Morning Coffee: Goldman Sachs' sympathy for overworked analysts on $20 an hour. New intern bonding strategies
What happened to the 13 Goldman Sachs analysts who produced that instantly-infamous PowerPoint presentation based on their 'Working Conditions Survey' that suggested the norm for first years at GS is 100 hour weeks and five hours' sleep a night? Given the predictable furor that's ensued, have they been politely asked to go and do something where they can sleep for eight hours instead?
Not at all. One month after the PowerPoint's completion, all 13 are still working for Goldman Sachs. Rather than punishing the perpetrators, Goldman appears to be trying to take their objections onboard. “No one has been in trouble — these are valid points,” a GS spokesperson told the Financial Times yesterday.
You might argue that this is now a damage limitation exercise and that Goldman had no choice but to appear penitent for the first year's mental and physical deterioration, but banks haven't always been quite so understanding.
In 1994, for example, one vice president at Donaldson, Lufkin & Jenrette (DLJ) sent an email saying that his team were wrongfully complaining of being busy. "Let’s define “busy”. You are “busy” is you are working each weekday at least 16 hours and at least 16 hours on the weekend," said the VP. "These are working hours – not traveling, gabbing or eating time. If these are not your hours at the office, you have the capacity to take on more work." One junior banker at the time said he regularly worked 20 hour days. The VP suggested this was expected: "If someone is not pulling as hard on their oar as hard as our hardest worker, then they are, pardon the expression, freeloading."
Similarly, in 2018 a team of analysts at Moelis & Co. - long renowned as one of the hardest grinding boutiques on the Street - received an email from a staffer complaining that they weren't in the office in the "wee hours of the morning." That email suggested that working from home at 2am isn't ideal: "I have found that when you are truly jammed with no end in sight, you should stay in the office because the connection is faster, your associates (and potentially VP's) are in close proximity, and you have access to firm resources (office services, Bloomberg, etc.)."
In the circumstances, Goldman first years who've been tweaking pitchbooks at 3am from their bedrooms might count themselves lucky. However, the firm clearly isn't going with this line officially. - Instead, as we reported yesterday, it's trying to make amends: new analysts are being hired to reduce workloads of existing staff, time off is being enforced, and - most surprisingly - new business is not being pitched for if it exceeds current capacity.
The analysts themselves are presumably happy with this - unless they're still around simply because they're working out their notice periods. The motivation for staying is, of course, the money, although this isn't that much when you think about it. 100 hour weeks on total compensation of £78k ($109k) a year in London works out as £15 ($21) an hour. Of course, they could always exit to private equity, although things aren't much better there either.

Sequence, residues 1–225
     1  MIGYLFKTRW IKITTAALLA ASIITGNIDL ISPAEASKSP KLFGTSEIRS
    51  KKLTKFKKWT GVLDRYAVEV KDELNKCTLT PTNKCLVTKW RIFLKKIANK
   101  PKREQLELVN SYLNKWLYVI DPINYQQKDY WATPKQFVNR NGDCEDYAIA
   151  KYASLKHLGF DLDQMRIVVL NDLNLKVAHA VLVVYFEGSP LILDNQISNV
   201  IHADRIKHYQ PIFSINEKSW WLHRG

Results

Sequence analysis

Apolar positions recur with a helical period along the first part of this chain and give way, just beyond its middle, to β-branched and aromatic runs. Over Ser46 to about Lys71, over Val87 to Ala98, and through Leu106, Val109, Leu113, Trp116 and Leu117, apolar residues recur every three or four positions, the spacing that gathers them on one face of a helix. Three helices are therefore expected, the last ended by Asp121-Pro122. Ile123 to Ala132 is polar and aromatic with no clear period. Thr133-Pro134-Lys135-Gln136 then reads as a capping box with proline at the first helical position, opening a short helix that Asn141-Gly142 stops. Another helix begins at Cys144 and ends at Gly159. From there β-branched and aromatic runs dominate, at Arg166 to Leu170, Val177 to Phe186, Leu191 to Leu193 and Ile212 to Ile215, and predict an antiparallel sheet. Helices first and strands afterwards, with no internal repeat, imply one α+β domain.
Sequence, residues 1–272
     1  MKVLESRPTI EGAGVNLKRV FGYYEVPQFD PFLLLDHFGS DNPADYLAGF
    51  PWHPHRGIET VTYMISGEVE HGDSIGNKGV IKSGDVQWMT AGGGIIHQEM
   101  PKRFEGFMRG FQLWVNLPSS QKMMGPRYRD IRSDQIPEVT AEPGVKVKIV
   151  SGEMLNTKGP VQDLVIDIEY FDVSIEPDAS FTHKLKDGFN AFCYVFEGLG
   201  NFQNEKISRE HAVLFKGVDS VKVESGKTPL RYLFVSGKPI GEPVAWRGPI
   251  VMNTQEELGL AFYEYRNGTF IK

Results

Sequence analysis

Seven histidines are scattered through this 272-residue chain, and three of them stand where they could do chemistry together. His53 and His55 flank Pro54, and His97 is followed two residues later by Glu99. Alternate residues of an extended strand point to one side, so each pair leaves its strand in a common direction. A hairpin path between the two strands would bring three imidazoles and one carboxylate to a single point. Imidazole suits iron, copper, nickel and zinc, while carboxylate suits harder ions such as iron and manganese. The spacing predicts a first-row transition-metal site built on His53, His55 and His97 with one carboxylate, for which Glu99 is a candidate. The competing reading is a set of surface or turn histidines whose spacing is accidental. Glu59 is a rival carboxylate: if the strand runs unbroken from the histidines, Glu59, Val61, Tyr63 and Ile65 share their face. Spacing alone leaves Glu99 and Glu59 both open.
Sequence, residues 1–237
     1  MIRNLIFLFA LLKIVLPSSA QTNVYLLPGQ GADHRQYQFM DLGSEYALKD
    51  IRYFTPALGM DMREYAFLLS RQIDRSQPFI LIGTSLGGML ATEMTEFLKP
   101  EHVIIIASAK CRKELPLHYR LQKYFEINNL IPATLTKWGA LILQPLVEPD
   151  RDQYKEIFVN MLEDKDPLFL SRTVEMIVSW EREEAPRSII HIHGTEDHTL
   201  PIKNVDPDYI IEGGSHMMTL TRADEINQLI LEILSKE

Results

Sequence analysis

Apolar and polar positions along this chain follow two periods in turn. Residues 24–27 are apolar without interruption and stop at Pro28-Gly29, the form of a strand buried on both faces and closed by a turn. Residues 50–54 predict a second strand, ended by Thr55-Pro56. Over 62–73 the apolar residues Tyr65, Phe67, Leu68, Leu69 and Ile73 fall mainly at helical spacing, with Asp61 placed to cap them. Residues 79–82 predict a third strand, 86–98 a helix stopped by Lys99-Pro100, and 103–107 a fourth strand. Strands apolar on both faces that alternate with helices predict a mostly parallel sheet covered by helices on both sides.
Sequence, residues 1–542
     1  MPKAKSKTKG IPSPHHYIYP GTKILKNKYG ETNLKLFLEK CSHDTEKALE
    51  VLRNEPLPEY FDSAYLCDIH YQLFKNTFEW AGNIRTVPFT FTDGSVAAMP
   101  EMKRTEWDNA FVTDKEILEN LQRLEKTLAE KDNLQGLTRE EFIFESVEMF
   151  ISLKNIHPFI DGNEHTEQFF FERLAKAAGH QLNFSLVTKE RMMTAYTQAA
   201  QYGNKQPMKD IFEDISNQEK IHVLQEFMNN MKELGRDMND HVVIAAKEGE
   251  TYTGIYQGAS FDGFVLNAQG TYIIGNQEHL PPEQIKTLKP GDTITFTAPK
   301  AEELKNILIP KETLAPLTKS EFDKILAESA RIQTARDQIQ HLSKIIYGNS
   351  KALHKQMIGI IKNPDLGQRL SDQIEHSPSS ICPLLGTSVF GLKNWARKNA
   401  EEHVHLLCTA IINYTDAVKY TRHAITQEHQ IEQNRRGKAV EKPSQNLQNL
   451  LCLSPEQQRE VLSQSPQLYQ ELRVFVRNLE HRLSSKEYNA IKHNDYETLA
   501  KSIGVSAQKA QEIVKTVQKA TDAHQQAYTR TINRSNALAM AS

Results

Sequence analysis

Separately, while banks appear to be gearing up to receive interns in their offices if possible this year, hedge funds like Millennium, DE Shaw, and Bridgewater are reportedly planning to keep 2021 summer internships virtual. However, there may be a few changes. DE Shaw, for example, is reportedly planning to foster the 'office feel' by grouping virtual interns together based on their social interests. This could be the start of a new use for psychometric tests....
Goldman Sachs wants a few hundred volunteers to move to West Palm Beach. (Bloomberg)
Goldman Sachs is offering half a day's paid leave for COVID vaccinations. (Financial News)
Ray McGuire, vice chairman of Citi, wants to become New York's next mayor but people are hesitant because he's a banker. “I shouldn’t be penalized for my success,” says Ray. “Not many people know who he is and what he stands for,” says a Reverend. “He came up from dire conditions and became this guy. He’s got to tell that story.” (Bloomberg)
Credit Suisse warned that the outcome from Greensill could be that it loses clients and suffers a “material” negative shock to its operating results. Credit Suisse risk managers were overruled by executives when they raised concerns about extending a $140m bridging loan to Greensill in October. (Financial Times)
Credit Suisse is withholding unvested pay from senior executives involved in the Greensill loans. (Yahoo)
Deutsche Bank is having a great first quarter. "We're seeing revenues being up in the investment bank by about 20%, and this is across the franchise...In origination and advisory as well as in fixed income, particularly credit trading." The bank is preparing to cut costs in its infrastructure, particularly technology. (Financial News)
Goldman Sachs hired Mitchell Story, a managing director in equity derivatives trading from Bank of America. (Business Insider)
Two Sigma is testing employees working remotely two days a week. (Bloomberg)
An executive at one international investment bank in Hong Kong said they'd have to consider shifting some of its traders to other financial hubs if Hong Kong’s current quarantine policies stay in effect for the long-term. (Bloomberg)
"I left London for the countryside and it was nothing like I dreamed of." (Evening Standard)
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